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Modelling the effect of funding selectivity on the uptake of data sharing in the academic community

21/04/2023| By
Thomas Thomas Klebel,
+ 2
Flaminio Flaminio Squazzoni

While the collective benefits of data sharing for science are clear, sharing data is not yet common practice in many research areas. Furthermore, there is scant knowledge on contexts and consequences of incentivising data sharing by funding agencies. Here, we built an abstract agent-based model to investigate the potential effect of funding selectivity and incentives for data sharing on the uptake of data sharing by academic teams which adapt strategically to resources. Our results suggest that more competitive funding schemes lead to higher rates of data sharing in the short run but lower uptake of data sharing in the long run than less selective funding. Attempts to reform systems of reward and recognition to foster Open Science practices should carefully consider the actual impact of measures and their potential long-term side effects.

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Modelling the effect of funding selectivity on the uptake of data sharing in the academic community

Thomas Klebel*, Federico Bianchi**, Tony Ross-Hellauer***, Flaminio Squazzoni**



Open and Reproducible Research Group, Know-Center GmbH, Austria


0000-0002-7473-1928; 0000-0002-6503-6077

Department of Social and Political Sciences, University of Milan, Italy



Institute of Interactive Systems and Data Science, Graz University of Technology, Austria

While the collective benefits of data sharing for science are clear, sharing data is not yet common practice in many research areas. Furthermore, there is scant knowledge on contexts and consequences of incentivising data sharing by funding agencies. Here, we built an abstract agent-based model to investigate the potential effect of funding selectivity and incentives for data sharing on the uptake of data sharing by academic teams which adapt strategically to resources. Our results suggest that more competitive funding schemes lead to higher rates of data sharing in the short run but lower uptake of data sharing in the long run than less selective funding. Attempts to reform systems of reward and recognition to foster Open Science practices should carefully consider the actual impact of measures and their potential long-term side effects.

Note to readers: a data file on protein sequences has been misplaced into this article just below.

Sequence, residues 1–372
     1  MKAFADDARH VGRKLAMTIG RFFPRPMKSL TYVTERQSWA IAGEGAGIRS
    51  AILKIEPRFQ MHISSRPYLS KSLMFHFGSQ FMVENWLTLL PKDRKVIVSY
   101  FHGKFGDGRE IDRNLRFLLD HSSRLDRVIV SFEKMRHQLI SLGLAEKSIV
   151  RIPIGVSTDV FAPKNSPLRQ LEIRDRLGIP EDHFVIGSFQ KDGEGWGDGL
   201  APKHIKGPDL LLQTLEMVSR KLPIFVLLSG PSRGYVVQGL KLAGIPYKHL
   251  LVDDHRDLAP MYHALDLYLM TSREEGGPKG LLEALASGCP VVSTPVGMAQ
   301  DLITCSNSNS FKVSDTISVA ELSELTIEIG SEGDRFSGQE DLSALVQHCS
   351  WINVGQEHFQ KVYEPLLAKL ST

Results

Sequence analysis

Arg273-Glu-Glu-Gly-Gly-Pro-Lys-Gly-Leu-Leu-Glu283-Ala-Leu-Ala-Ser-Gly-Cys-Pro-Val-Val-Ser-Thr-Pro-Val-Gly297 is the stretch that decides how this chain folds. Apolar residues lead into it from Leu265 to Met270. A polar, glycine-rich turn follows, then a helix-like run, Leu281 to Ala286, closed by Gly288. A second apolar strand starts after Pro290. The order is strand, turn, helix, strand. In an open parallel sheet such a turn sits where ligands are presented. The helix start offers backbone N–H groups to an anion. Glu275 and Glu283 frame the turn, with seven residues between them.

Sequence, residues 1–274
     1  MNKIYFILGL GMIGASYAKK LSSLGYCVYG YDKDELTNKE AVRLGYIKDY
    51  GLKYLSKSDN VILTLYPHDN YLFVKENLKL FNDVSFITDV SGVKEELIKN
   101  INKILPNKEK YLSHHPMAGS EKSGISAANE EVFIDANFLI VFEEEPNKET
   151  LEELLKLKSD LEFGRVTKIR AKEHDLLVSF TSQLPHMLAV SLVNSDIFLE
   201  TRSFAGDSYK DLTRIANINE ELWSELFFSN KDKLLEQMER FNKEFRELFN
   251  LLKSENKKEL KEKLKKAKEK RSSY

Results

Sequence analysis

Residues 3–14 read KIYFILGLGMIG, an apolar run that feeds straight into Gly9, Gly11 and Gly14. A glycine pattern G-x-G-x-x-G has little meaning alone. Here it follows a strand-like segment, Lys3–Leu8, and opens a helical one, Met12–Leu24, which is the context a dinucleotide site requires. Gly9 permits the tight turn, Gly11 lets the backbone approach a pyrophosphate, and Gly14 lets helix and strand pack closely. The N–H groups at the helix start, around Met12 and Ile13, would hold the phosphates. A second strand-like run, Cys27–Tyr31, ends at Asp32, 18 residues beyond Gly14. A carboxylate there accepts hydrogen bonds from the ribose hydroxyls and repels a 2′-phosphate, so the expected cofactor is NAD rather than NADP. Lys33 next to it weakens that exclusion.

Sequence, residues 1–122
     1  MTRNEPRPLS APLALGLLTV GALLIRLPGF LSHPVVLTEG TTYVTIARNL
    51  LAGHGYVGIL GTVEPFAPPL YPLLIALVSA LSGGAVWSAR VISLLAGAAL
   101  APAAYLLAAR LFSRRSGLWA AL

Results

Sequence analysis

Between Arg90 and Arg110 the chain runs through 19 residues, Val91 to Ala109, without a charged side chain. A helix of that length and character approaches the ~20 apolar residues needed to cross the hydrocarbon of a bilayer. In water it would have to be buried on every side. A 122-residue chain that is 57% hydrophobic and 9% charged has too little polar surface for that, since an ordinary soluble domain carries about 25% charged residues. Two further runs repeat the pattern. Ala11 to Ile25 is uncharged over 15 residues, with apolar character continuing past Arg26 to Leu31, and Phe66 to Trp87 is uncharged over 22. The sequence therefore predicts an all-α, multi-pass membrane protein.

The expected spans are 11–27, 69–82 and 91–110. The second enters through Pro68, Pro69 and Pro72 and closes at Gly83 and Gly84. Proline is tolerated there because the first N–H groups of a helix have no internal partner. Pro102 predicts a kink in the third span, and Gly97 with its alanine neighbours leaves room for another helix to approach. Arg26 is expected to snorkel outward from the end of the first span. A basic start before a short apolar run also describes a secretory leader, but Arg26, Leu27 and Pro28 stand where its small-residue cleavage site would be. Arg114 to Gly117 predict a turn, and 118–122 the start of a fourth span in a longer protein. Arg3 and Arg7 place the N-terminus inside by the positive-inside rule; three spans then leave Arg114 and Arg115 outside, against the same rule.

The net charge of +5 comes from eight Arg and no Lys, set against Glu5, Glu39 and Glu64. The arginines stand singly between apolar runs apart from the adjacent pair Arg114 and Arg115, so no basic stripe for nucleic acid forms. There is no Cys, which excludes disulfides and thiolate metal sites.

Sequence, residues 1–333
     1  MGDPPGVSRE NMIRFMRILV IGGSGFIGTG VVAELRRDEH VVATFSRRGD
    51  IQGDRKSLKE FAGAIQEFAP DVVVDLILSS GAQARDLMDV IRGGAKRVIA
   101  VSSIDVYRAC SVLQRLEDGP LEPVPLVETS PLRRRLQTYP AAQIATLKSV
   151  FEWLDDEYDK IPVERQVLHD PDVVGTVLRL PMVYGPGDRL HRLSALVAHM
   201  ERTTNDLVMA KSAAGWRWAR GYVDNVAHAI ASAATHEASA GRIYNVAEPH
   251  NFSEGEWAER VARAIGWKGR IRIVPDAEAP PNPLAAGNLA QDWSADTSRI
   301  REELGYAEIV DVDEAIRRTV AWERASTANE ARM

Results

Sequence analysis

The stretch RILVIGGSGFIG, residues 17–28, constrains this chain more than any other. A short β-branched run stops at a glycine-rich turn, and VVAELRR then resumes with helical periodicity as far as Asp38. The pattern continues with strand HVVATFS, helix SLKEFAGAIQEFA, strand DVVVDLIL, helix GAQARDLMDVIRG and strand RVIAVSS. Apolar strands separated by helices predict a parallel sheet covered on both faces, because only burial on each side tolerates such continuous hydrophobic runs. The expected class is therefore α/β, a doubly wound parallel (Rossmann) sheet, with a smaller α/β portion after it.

1. Introduction

Sharing research data is considered beneficial to the community. It stimulates research reproducibility (Munafò et al., 2017), mitigates questionable research practices (Gopalakrishna et al., 2022), and can help to accelerate collective effort in response to unforeseen global events, such as during the COVID crisis (Tse et al., 2020). Articles which made their data available have been found to accrue more citations (Piwowar & Vision, 2013), and data sharing might lead to lower costs for accessing and using scientific data in the economy (Fell, 2019). Yet, data sharing is still not very common in many research areas (Serghiou et al., 2021).

Funding agencies have started to increasingly mandate or incentivise data sharing for grant applications and research output. Tedersoo et al. (2021) recently called for clear incentives for data sharing by providing actual benefits for researchers sharing data in promotion or grant funding decisions. However, there is still little understanding of the interplay between funding incentives, funding selectivity, and various further contextual factors on the diffusion of data sharing practices. Given that empirical data are unavailable to study these dynamics, we built an abstract, agent-based model that examines data sharing and grant seeking among a population of research teams. We modelled an environment where a fictious funding agency would incentivise data sharing for grant decisions and simulated aggregate consequences in terms of rate of data sharing. Here, we report intermediate results by focusing on the effect of a funding agency’s level of selectivity on the uptake of data sharing among research teams which allocate their resources strategically.

  1. Background